Data consolidation is expected to see in 2022 by the security market

Consolidation on data-driven platforms is one change that is expected to occur in 2022 as the market shifts to more of a service-driven kind of tooling, including XDR and managed detection and Response.

Detection and Response, skillset many organizations are missing will get more complex. Many companies, especially SMBs or small-to-medium-sized enterprises, will need this skillset to respond efficiently and effectively to survive these cyber-attacks without investing so much in building an in-house team. So, they will have to rely on managed security service providers. At an enterprise level, it will mean getting to know the tools being used, identifying the signals received from those tools and consolidating those signals to make detection and response easier for the team.

Security talent shortage turns into a security crisis and create new opportunities

The small and mid-sized companies were already short-staffed and were experiencing trouble hiring the staff they needed to protect themselves from security risks. The “Great Resignation” will make those challenges even more acute, especially in tech and healthcare. This will make a tough situation worse.

As a result, in 2022 businesses will rely more on their vendors to provide automated tools and services, like XDR and MDR. Managed services providers will become a critical resource as well. Gartner predicted 40% of mid-sized companies will leverage MDR by 2024. From a mid market perspective, companies will need a service provider to help them successfully leverage SOC / NOC / XDR capabilities and stay secure. Increasingly, only large enterprise organizations will be able to manage their security needs internally.

The year 2022 will also see more security positions filled by people from unexpected backgrounds or with different skills. Due to the nature of the threats and the complexity of the environments, companies cannot go back to just hiring who they’ve hired before. Addressing security challenges constantly requires fresh thinking in the face of ever-changing attacks and overwhelming alerts. This is a great opportunity to bring in different perspectives and the cybersecurity or IT space that will play a prominent role in how companies secure themselves.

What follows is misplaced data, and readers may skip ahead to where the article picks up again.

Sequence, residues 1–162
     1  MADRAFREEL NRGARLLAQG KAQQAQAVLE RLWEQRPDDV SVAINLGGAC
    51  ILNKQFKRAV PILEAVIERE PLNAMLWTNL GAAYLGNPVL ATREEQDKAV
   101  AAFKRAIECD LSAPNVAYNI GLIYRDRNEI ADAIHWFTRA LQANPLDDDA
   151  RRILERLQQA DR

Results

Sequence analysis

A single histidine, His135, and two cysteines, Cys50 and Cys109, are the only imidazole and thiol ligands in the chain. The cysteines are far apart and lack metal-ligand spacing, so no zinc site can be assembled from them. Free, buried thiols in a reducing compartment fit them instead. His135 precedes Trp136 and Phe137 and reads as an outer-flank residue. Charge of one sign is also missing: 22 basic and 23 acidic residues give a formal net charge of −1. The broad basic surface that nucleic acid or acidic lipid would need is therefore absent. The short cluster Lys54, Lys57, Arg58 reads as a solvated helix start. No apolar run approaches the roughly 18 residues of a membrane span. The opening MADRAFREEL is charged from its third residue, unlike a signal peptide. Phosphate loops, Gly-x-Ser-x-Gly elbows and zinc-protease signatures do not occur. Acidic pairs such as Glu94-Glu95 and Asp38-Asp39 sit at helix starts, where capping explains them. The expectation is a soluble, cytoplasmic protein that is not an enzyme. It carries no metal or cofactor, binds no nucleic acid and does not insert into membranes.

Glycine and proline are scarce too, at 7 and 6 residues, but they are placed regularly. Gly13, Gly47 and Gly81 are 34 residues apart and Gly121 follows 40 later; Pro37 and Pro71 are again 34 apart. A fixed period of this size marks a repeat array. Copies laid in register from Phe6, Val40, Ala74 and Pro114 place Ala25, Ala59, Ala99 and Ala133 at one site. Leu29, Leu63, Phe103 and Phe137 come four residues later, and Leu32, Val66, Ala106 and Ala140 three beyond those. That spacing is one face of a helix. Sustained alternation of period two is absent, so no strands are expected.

New security roles expected to emerge over the next few years

Cybersecurity Champion is a new role that we will emerge in the next few years, especially at developing software. These security champions will focus on what we call shifting left because now it is about the developers, software development, and the software supply chain, including Open-Source libraries and other third-party libraries. On the very left of the entire software development lifecycle, getting that level of security attention at the developer level is where those roles will start to add value.

Security Analyst is another role expected to be at the forefront in the next few years. They will effectively detect and respond to threats by understanding the correlation of these different signals and execute on responding to these threats.

Sharing his insights on the predictions, James Forbes-May, Vice President, Barracuda Networks APAC, said, “With security now starting to be prioritized, the reporting structure will depend on the organization’s maturity and the leadership they have in place, such as if there is a CISO involved. Many of the IT teams won’t naturally be reporting to a CISO because their approach to security is event-driven. By being predictive and preventative and having the right tools and resources, one can have plans and programs to prevent incidents. So instead of having an event-driven approach to security, organizations will need to proactively shift to putting the measures and stopping those attacks from ever happening or stopping it earlier in the attack chain, so there’s less damage. Without a security practice at the very top, it will be challenging to bring this kind of change.”

Comments are closed.

AD2